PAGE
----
News Column

World Bank - 250 Million Children Unable to Read, Write

January 23, 2014

Abiodun Oluwarotimi

The World Bank yesterday said that an estimated 250 million children around the world are unable to read and write, even after spending three or more years in school. This was disclosed at the launching of a new open data tool that the global bank said would provide in-depth, comparative, and easily accessible data on education policies around the world. The launching of the open data tool was a side event of the just concluded World Education Forum which was held in London, United Kingdom . The data tool called "The Systems Approach for Better Education Results (SABER)" will help countries collect and analyse information on their education policies, benchmark themselves against other countries, and prioritise areas for reform, with the goal of ensuring that all children and youth go to school and learn. Speaking at the event, World Bank Group acting vice president for Human Development and Director of Education, Ms Elizabeth King said that education was one of the most important drivers for ending extreme poverty and boosting shared prosperity. She added that guaranteeing a basic education meant little unless schooling led to learning for all children and youth, stressing that achieving better learning outcomes depended not only on having enough classrooms, teachers, and textbooks, but also on having the right policy environment to make sure they contribute to learning. In the statement, the World Bank Group maintained that despite significant progress in recent decades in getting children into school, learning levels remained alarmingly poor, adding that in low-income countries, many young people completed basic education without acquiring fundamental literacy and numeracy skills. "Even in middle-income countries, many students do not learn the basic skills expected by employers and needed to secure a job. Today, an estimated 250 million children around the world are unable to read and write, even after spending three or more years in school. "To date, the Bank Group , through SABER, has analysed more than 100 countries to guide more effective reforms and investments in education at all levels, from pre-primary to tertiary education and workforce development," the statement reads in part. Through SABER, the Bank Group aims to improve education quality by supplying policymakers, civil society, school administrators, teachers, parents, and students with more, and more meaningful, data about key education policy areas, including early childhood development, student assessment, teachers, school autonomy and accountability, and workforce development, among others.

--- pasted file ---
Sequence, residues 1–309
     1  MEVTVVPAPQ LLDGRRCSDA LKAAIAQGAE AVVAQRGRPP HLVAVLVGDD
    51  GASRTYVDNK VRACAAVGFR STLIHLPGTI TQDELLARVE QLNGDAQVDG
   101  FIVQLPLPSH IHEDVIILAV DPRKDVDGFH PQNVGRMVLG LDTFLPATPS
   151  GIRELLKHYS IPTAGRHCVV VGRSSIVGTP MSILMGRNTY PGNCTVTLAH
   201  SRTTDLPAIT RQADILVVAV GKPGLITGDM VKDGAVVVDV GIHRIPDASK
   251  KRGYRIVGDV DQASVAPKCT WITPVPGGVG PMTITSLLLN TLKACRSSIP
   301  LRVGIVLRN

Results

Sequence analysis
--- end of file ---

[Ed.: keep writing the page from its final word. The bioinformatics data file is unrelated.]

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Source: AllAfrica

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